Data publication consent extends across other EU Member States

The EU’s harmonised regulatory framework makes it possible to ensure the same respect for personal data protection.

In a well-thought out judgment delivered this week, the European Court of Justice declared that the European Universal Service Directive covers all requests made by undertakings established in a Member State other than that in which the undertakings which assign telephone numbers to subscribers are established.

The Belgian company European Directory Assistance (EDA) offers directory enquiry services and directories accessible from Belgian territory. It requested the undertakings which assign telephone numbers to subscribers in the Netherlands (namely, Tele2, Ziggo and Vodafone Libertel) to make available to it data relating to their subscribers, relying in that regard on an obligation provided for under Dutch law.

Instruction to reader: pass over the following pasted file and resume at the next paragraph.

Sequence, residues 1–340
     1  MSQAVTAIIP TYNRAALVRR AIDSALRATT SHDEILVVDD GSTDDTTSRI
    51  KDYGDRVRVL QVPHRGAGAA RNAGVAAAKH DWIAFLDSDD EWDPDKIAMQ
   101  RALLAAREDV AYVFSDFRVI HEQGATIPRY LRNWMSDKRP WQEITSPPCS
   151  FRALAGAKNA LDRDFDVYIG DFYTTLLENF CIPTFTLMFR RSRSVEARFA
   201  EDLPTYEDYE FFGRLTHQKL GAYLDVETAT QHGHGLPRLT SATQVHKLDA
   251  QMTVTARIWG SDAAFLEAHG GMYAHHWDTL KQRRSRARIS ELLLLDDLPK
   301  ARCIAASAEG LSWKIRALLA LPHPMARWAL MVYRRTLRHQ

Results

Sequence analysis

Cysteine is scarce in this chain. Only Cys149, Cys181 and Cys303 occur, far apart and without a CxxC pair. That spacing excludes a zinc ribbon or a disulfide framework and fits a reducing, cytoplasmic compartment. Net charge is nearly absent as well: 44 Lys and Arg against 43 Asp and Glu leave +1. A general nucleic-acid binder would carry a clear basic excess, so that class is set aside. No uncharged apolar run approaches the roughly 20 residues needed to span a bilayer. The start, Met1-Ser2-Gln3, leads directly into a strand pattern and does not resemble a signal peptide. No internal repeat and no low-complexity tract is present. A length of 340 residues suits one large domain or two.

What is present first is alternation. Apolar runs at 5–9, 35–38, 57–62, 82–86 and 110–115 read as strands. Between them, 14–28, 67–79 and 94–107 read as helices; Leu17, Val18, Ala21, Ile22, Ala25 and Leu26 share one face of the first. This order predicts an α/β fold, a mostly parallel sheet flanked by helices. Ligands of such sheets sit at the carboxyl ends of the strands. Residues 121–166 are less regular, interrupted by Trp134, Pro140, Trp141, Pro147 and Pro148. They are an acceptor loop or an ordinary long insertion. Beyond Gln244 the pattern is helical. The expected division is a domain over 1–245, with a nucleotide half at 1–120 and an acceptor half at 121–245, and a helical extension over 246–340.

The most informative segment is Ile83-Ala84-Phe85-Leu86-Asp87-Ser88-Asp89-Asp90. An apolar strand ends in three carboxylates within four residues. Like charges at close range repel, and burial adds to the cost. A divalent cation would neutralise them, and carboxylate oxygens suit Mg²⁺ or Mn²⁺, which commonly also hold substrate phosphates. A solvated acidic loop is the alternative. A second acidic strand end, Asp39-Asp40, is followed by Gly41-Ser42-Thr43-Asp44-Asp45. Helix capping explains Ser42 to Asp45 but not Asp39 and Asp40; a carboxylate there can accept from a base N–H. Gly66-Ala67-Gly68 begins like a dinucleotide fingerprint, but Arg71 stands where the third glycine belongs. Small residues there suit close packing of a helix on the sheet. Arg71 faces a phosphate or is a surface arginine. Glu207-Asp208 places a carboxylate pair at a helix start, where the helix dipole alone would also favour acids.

Since those undertakings considered that they were not required to provide the data in question to an undertaking established in another Member State, they refused to provide the data requested.

The College van Beroep voor het bedrijfsleven (Administrative Court of Appeal for Trade and Industry, Netherlands), which was ruling on the dispute, referred some questions to the Court of Justice for a preliminary ruling.

The court wished to know, among other things, whether it was necessary to provide subscribers with a choice of whether or not to give their consent depending on the country in which the undertaking requesting that data provides its services.

As regards the question, the Court referred to its previous case-law. Where a subscriber has been informed by the undertaking which assigned him a telephone number of the possibility that his personal data may be passed to a third-party undertaking, with a view to being published in a public directory, and he has consented to that publication, renewed consent is not needed from the subscriber at issue for the passing of the same data to another undertaking, if it is guaranteed that the data in question will not be used for purposes other than those for which the data were collected with a view to their first publication.

Consequently, it is not necessary for the undertaking assigning telephone numbers to its subscribers to differentiate in the request for consent addressed to the subscriber according to the Member State to which the data concerning him could be sent.

Please click here for the full judgment of this case (C-536/15)